Anyone can have a voice online!
Not so long ago, image management and reputation were the domain of the Board, the CEO, Corporate Affairs or the PR Agency.
However today, the internet provides the opportunity for anyone to have a voice online and therefore sway the opinion of readers.
Because we live in a quick sound byte era, everyone is now placing increased weight on anonymous reviews and rankings of all sorts of things without caring whose voices are behind those reviews and rankings.
User Generated Content
User Generated Content (UGC) is not a new phenomenon. You are probably familiar with sites that rely on UGC.
- If you are looking for a restaurant in your local area, look no further than Tripadvisor or Yelp for UGC ratings and reviews.
- If you are interested in a movie, then you might draw on the UGC rankings and reviews on IMDb or Rottentomatoes.
- Keen on buying an app from iTunes or Google Play? You might have made your mind up about parting with your $2 because of the UGC rankings on that app.
New Frontier of UGC: Employer Ratings
One of the newest frontiers of UGC is the anonymous ranking by former employees of their prior employers.
So it is no longer just restaurants, movies or apps that are being ranked. It’s now employers whose employer brands are being praised and buoyed or trashed and exposed online.
Regardless of whether the content is accurate or not, these employer ranking UGC sites play on the adage that ‘perception is reality.’ What visitors read about your business is the perception that they form of your employer brand.
Online reputation and branding is becoming increasingly central to the ongoing sustainability of any employer in the future.
Like it or not, with the openness of the internet, UGC is a fact of life. While there have been moves to regulate UGC and improve on its authenticity, it will probably take many years for this to happen, if any regulation happens at all.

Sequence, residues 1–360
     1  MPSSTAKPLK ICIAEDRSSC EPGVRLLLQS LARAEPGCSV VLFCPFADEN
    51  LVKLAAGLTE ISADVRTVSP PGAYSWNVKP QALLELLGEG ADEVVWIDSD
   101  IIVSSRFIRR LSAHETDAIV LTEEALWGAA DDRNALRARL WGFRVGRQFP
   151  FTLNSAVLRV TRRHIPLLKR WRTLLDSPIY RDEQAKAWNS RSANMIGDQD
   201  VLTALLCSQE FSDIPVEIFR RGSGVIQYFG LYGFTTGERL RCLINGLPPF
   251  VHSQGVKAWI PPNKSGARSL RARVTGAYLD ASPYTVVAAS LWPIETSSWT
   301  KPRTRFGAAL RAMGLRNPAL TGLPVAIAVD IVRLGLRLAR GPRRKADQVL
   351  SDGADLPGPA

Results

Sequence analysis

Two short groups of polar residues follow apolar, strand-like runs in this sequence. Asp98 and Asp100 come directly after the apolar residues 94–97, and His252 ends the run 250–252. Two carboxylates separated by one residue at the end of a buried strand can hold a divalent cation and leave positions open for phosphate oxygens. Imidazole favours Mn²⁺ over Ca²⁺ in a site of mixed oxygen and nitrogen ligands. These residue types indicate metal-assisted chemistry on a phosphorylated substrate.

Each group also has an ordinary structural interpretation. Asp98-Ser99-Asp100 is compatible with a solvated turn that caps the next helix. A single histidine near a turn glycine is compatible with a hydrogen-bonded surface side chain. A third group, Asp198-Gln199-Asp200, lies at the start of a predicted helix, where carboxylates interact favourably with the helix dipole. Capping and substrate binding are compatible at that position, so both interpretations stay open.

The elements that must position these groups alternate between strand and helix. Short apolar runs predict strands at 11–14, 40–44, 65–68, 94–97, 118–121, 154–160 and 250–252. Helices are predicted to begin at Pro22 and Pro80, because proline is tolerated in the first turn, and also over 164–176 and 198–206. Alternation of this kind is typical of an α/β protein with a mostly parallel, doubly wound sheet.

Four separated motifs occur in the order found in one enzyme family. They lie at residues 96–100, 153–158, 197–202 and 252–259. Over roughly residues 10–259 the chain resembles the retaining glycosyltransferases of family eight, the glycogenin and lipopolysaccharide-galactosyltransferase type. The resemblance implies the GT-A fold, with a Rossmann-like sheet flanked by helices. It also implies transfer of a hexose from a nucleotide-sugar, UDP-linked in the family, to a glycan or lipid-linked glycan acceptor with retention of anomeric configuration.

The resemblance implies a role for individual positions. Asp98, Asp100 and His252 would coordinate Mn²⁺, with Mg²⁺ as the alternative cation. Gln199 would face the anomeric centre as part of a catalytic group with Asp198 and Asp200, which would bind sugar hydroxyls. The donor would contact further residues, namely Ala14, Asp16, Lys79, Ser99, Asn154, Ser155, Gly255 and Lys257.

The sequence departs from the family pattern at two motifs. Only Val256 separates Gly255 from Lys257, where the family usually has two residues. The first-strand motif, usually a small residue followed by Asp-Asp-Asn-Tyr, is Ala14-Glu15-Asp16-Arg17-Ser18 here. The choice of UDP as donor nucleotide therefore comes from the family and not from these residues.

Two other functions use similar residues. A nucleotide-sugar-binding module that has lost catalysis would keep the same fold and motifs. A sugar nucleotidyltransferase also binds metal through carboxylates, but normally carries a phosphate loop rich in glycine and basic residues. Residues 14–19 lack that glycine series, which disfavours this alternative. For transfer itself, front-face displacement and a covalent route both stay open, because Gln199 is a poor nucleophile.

Mitch Joel, the author of ‘Six Pixels of Separation’ wrote ‘Your brand is not what you say it is, it’s what Google says it is. That’s your digital footprint.’
And this increasingly applies to your employer brand and reputation.
So what can you do about this?
Like it or not, these employer ranking UGC sites are gaining traction online. They therefore have the potential to sway perception and opinions of all sort of stakeholders, including customers, employees, future talent and shareholders.
Employers therefore need to seriously consider how they behave towards their employees throughout the entire employee life cycle.
This means onboarding employees successfully; providing them with ongoing training, development and career pathing; as well as treating exiting employees with dignity and respect.
Moreover, treating all employees with dignity and respect is not only morally and ethically right, but it makes sound business sense. Especially in the context that that anyone has the potential to have a loud voice online.
Those employers who treat all departing staff with dignity and respect — even those who do not perform well — appear to be in the box seat to receive good karma points online.
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